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Edward L. Pierce, Memoir and letters of Charles Sumner: volume 3 34 0 Browse Search
Medford Historical Society Papers, Volume 10. 8 0 Browse Search
Thomas Wentworth Higginson, Carlyle's laugh and other surprises 2 0 Browse Search
Thomas Wentworth Higginson, Harvard Memorial Biographies 2 0 Browse Search
HISTORY OF THE TOWN OF MEDFORD, Middlesex County, Massachusetts, FROM ITS FIRST SETTLEMENT, IN 1630, TO THE PRESENT TIME, 1855. (ed. Charles Brooks) 1 1 Browse Search
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Browsing named entities in Edward L. Pierce, Memoir and letters of Charles Sumner: volume 3. You can also browse the collection for Edmund Dwight or search for Edmund Dwight in all documents.

Your search returned 17 results in 3 document sections:

pinion running in grooves, E. P. Whipple described the social leaders of Boston at this time, in a conversation with the Author, as fixed and limited in their ideas.—in politics, Whig; in faith, Unitarian and Episcopalian. Its members were closely connected by intermarriage; and a personal difficulty with one was quickly taken up by the related families,—so that through connections by kin or friendship nearly all the society was likely to take a part. For instance, the Ticknor, Eliot, Dwight, Guild, and Norton families were connected by marriage; and Mr. Eliot was a near kinsman of the Curtis family. Similar ties by blood and marriage united the Sears, Mason, Warren, Parker, and Amory families, and also the Shaw, Sturgis, Parkman, and Perkins families. Another group was the Sturgis, Perkins, Cabot, Forbes, Cary, Gardiner, and Cushing families. The different groups were often connected by kin or close friendship. Sumner was for a time, at an earlier period, shut out from one h
Edward L. Pierce, Memoir and letters of Charles Sumner: volume 3, Chapter 31: the prison—discipline debates in Tremont Temple.—1846-1847. (search)
connected by marriage with George Ticknor, Edmund Dwight, Benjamin Guild, and Dr. Andrews Norton, a6 and 30, contained communications friendly to Dwight. On the other side there were several speakersms, but chiefly defending with friendly zeal Mr. Dwight; Bradford Sumner, a lawyer respectable in chtter equipped for the debate than any other of Dwight's party. Mr. Gray spoke at three meetings, ocrtially. Sumner seconded the resolutions, and Dwight also assented to them. Genuine friends of therejoinder. Stevenson continued his defence of Dwight's extracts from Lafayette and Roscoe, the everthe whole. Gray seemed to me very foxy. Poor Dwight looked crushed. He was astonished at the rever, Aug. 5, 1847. A few days later he addressed Dwight an elaborate note, expressing regret that the pressing engagements, he was ready to assist. Dwight did not respond to the appeal. In the summer wever, that its course will now be altered. Mr. Dwight, the secretary, has become insane,—whether i[5 more...]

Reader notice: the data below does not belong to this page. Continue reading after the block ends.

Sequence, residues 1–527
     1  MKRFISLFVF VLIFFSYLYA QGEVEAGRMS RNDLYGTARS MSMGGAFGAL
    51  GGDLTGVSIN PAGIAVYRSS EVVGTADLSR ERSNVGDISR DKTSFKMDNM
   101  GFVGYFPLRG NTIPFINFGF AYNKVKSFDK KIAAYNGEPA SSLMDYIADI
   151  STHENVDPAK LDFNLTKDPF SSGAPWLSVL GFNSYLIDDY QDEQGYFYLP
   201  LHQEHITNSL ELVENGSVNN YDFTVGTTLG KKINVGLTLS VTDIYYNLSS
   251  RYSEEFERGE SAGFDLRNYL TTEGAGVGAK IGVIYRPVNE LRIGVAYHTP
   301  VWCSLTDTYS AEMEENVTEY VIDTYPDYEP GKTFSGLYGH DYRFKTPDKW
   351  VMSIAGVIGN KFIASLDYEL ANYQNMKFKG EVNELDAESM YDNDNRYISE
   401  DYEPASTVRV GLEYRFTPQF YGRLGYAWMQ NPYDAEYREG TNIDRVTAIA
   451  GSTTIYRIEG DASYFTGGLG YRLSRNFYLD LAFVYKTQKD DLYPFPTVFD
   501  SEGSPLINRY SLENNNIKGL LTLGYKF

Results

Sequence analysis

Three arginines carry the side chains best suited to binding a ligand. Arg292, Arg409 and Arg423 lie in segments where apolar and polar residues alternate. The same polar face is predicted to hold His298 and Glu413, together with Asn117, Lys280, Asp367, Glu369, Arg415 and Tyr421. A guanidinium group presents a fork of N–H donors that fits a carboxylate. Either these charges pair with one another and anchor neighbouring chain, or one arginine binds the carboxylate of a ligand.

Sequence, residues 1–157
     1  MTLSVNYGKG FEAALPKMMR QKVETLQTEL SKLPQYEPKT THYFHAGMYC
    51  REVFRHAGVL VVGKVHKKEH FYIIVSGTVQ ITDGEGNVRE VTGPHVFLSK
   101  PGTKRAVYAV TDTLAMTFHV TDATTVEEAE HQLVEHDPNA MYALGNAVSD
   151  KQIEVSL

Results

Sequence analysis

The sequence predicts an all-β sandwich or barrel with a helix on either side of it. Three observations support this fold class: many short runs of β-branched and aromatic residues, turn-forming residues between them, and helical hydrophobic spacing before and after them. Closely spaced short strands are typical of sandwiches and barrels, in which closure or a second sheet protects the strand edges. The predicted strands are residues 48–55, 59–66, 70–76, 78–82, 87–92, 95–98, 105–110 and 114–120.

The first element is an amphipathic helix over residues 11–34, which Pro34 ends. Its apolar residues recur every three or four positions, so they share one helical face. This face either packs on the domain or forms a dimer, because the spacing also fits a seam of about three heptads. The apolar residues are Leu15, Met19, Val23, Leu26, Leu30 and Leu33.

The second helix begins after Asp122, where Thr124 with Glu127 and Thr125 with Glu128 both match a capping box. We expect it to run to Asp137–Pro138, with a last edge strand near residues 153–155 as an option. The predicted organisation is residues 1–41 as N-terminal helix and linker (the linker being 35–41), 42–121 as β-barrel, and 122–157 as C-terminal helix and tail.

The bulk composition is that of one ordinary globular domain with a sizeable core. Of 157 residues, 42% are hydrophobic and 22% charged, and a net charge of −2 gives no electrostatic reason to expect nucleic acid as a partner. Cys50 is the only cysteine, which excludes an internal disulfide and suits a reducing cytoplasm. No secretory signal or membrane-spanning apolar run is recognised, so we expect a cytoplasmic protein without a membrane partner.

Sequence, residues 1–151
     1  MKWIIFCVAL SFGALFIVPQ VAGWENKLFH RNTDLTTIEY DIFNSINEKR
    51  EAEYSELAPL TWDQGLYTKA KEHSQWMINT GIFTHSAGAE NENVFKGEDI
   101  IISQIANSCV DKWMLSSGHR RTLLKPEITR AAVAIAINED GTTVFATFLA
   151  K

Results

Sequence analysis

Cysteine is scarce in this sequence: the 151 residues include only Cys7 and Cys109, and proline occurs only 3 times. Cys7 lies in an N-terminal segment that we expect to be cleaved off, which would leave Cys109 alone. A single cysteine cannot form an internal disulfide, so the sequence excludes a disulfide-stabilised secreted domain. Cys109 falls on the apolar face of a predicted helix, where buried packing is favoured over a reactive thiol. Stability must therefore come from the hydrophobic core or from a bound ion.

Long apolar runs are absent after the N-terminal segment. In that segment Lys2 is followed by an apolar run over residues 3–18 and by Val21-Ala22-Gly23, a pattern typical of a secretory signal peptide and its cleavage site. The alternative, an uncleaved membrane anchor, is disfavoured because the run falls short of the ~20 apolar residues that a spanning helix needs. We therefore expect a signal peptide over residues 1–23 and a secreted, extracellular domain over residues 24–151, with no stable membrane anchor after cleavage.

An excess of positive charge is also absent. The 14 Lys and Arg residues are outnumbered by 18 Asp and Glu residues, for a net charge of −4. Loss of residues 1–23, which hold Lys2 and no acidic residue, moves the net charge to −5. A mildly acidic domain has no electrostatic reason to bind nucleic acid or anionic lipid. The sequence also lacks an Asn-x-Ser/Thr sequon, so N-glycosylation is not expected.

Edward L. Pierce, Memoir and letters of Charles Sumner: volume 3, Chapter 35: Massachusetts and the compromise.—Sumner chosen senator.—1850-1851. (search)
24:— Dear Henry,—Whittier is here on a short visit. I go to-night with Miss Bremer to hear Wendell Phillips, and to-morrow evening dine out, or I should insist upon taking him [Whittier] to you. He is staying at the Quincy hotel, in Brattle Street. I regret the sentiments of John Van Buren about mobs, but rejoice that he is right on slavery. I do not know that I should differ very much from him in saying that we have more to fear from the corruption of wealth than from mobs. Edmund Dwight once gave, within my knowledge, two thousand dollars to influence a single election. Other men whom we know very well are reputed to have given much larger sums. It is in this way, in part, that the natural antislavery sentiment of Massachusetts has been kept down; it is money, money, money, that keeps Palfrey from being elected. Knowing— these things, it was natural that John Van Buren should say that we had more to fear from wealth than from mobs. He is a politician,—not a philant